Monday, 1 February 2010

Watching the watchers - bike accidents in the media

I promised, more than a year ago, to analyse all of the motorcycle accident media reports I came across.

I promptly forgot.

This year, I may just be able to do that.

I will be looking for judgemental language, any hint of editorial disapproval of motorbikes, any missing information which the content of the report suggests should have been available to the journalist, and evidence of the media outlet padding copy by re-using old quotes.

I won't be scoring, but I will be analysing them.

I hope that, somewhere along the line, I may also answer some questions about how journalism can work, and perhaps fix some misconceptions, as well.

We start with "Motorbike rider hit by ute dies" from the Courier Mail.

Informative headline, grammatically a bit iffy but at least straightforward.
A MOTORCYCLIST struck by a utility at Windsor on Brisbane's northside more than a fortnight ago, has died in hospital.
Who did that subbing? There are clauses in there weeping for relief. Still, reasonably clear once your mind drops in the missing commas and sorts it out.
The 27-year-old man from Arana Hills suffered serious injuries in the crash on Newmarket Road outside the Homezone Centre on January 12.
This just gets in more information, but isn't great journalism writing. Just as a point: "27-year-old Arana Hills man" is easier to read, and not just because one extra word is missing.
Police said the motorcyclist was travelling west on Newmarket Road about 4.40pm when it collided with the dual cab utility at a set of traffic lights.
Okay: Why? Thankfully, there is no high-horse hinting here of who was at fault, but unfortunately, there is no information, either. Was the ute running a light? Was the rider? Was the ute stationary and the rider forgot to brake? Or hit a patch of oil on the road and couldn't? Or the rider, or driver, was distracted by a low-cut top on a pedestrian?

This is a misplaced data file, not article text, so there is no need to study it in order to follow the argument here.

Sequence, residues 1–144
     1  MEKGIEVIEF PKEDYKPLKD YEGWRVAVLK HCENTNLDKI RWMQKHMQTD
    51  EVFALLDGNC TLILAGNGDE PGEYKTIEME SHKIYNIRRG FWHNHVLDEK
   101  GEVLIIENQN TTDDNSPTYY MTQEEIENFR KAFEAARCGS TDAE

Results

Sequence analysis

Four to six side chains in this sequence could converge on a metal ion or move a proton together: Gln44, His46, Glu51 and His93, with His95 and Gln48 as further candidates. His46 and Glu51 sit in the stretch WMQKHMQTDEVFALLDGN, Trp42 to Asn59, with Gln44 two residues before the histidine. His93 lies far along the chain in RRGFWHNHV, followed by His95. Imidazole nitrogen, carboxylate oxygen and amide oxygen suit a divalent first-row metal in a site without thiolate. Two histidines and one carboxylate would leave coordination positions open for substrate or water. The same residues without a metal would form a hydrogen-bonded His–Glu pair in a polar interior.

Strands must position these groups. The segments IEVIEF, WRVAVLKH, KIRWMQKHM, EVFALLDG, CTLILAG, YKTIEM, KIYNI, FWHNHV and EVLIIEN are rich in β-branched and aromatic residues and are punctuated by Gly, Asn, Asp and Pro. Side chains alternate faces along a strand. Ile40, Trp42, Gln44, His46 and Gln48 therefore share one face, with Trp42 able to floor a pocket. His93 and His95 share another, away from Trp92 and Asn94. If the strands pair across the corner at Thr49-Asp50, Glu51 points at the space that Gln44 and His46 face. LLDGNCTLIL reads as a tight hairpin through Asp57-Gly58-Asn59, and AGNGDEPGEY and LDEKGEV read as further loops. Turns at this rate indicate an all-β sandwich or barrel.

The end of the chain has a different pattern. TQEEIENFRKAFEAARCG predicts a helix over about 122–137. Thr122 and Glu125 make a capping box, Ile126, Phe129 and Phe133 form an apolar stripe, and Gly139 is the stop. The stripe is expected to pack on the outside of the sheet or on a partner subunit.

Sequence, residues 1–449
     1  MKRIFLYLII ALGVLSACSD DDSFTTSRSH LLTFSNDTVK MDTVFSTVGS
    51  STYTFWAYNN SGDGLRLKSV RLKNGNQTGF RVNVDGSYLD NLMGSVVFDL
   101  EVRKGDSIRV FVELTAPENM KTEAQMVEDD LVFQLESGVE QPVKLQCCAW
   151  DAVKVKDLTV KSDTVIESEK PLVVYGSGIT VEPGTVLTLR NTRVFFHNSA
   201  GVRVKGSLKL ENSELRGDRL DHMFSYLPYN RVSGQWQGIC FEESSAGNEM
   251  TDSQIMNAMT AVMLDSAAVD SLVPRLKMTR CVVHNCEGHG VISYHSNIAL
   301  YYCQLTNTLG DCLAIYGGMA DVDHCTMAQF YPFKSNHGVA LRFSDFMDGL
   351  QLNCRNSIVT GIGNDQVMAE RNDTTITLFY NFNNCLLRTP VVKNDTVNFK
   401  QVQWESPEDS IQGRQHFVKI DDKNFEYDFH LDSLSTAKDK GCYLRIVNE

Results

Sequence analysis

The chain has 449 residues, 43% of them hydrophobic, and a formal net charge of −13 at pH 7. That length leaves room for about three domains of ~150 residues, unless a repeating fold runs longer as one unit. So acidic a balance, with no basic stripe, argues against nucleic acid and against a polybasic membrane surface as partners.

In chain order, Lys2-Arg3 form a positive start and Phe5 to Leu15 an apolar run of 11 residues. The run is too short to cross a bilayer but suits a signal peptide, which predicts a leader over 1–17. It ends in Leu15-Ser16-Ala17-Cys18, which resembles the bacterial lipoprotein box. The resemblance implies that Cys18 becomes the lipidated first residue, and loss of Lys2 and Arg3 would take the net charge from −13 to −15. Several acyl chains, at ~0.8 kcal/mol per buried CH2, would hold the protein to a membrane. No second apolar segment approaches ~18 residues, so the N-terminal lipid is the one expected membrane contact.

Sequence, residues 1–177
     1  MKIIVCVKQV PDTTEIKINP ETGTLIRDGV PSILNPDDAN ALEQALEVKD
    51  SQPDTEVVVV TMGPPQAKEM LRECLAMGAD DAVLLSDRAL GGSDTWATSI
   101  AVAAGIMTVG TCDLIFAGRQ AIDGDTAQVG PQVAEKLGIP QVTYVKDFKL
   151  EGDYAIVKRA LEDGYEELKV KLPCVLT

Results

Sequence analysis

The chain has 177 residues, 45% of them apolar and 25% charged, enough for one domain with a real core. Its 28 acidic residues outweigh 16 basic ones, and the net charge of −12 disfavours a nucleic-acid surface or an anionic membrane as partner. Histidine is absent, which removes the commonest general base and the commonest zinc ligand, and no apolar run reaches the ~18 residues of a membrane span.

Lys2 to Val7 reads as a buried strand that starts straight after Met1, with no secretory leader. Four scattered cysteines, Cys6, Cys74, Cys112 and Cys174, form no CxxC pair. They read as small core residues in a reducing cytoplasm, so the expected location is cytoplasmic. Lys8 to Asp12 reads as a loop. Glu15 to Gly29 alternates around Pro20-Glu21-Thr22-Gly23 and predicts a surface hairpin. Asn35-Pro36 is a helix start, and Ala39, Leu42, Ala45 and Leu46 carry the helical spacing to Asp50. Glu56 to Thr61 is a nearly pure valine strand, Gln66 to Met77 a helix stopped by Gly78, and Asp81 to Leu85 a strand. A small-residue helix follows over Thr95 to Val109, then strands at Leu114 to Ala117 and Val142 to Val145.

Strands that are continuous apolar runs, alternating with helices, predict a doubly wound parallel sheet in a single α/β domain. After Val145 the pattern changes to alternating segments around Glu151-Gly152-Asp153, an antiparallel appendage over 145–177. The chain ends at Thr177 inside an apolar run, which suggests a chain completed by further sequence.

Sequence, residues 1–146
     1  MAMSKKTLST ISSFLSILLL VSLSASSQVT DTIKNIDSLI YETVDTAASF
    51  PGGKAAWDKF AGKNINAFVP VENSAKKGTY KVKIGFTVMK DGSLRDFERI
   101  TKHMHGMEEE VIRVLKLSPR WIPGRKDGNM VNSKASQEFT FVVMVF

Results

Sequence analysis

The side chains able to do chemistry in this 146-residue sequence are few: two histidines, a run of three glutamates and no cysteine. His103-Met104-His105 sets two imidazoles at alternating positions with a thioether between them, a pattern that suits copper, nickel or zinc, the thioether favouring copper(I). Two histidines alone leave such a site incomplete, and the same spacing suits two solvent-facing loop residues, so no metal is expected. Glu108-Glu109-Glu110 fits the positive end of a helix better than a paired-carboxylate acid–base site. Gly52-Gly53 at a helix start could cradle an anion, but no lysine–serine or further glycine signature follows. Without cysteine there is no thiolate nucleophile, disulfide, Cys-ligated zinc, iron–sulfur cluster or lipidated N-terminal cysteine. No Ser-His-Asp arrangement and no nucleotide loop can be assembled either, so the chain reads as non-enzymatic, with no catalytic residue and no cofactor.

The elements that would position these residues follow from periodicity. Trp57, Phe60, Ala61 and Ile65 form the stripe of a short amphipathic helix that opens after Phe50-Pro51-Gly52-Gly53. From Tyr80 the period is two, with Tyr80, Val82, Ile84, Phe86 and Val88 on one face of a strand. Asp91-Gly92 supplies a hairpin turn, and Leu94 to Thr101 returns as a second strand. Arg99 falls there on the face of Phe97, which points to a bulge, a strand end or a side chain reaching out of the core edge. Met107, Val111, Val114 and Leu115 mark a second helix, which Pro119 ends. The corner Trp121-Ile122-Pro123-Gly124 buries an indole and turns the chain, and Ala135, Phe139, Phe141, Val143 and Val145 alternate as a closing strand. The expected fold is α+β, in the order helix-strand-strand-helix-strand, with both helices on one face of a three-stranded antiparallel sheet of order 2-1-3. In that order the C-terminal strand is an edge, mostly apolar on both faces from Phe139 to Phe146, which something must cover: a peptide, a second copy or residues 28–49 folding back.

At the very least, I would have liked to see "utility which was stationary", or anything. This is reporting, but hardly counts as journalism.

Plus: Have you noticed the nice semantic switch? The headline said "struck by utility", and the body said "collided with utility". Now, technically the second does not contradict the first, but the headline suggests that either one was running a light, and the ute struck the bike, or that the ute plowed straight into the back of the bike, which is all too likely a possibility.

The "bike was travelling, when it collided" suggests that one was running a light, but doesn't confirm it.

It is common practice for the headline to be (re)written by a (sub)editor at some point along the line, but that headline definitely suggests that the journalist had more information than was put in the report. Time or space constraints could account for that, but it leaves a bad taste in my mouth.
The 33-year-old utility driver was unhurt.
Nice to know, I suppose, but: no shit.
The bike rider died of his injuries in the Royal Brisbane and Women's Hospital last night.
What injuries? Probably not released by police, so I suppose we can't expect too much.
The death takes Queensland's 2010 road toll to 12 lives lost, 12 fewer than at the same time last year.
It is the first motorcycle fatality this year.
Which puts us ahead of the curve, which is nice but unlikely to last.

Okay; This piece is so basic that it commits the lower-order sin of being almost pointless. No information about the accident except time and place, which raises more questions than it answers; no information about the nature of the rider's injuries (or what they were wearing, but I really don't trust non-motorcyclists to handle information like that intelligently, either); and no information about who was judged to be at fault, etc.

More to the point, that headline raises questions that the body of the article didn't answer.

I can't really say that this article was bad, but it definitely isn't great, either.


Heather said...
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John said...

I just hope you come out successful in your mission to analyze the motorbike accident reports available with the media. Research indicates that the major cause of motorcycle accidents remains the failure of other motorists to recognize motorcyclists in heavy traffic or at night. Findings from the National Highway Traffic Safety Administration states that speeding, aggressive driving, and driver inattention are leading causes of motorcycle accidents. Negligence on the part of the motorcyclist also leads to accidents or collisions. So does improper breaking or turning. Bad weather remains a problem or causal factor, though its influence is small. The good news is that those who have suffered from injuries in motorcycle accidents can make successful compensation claims. An efficient personal injury lawyer will help you in filing for the claim. For more information visit accidents at work .

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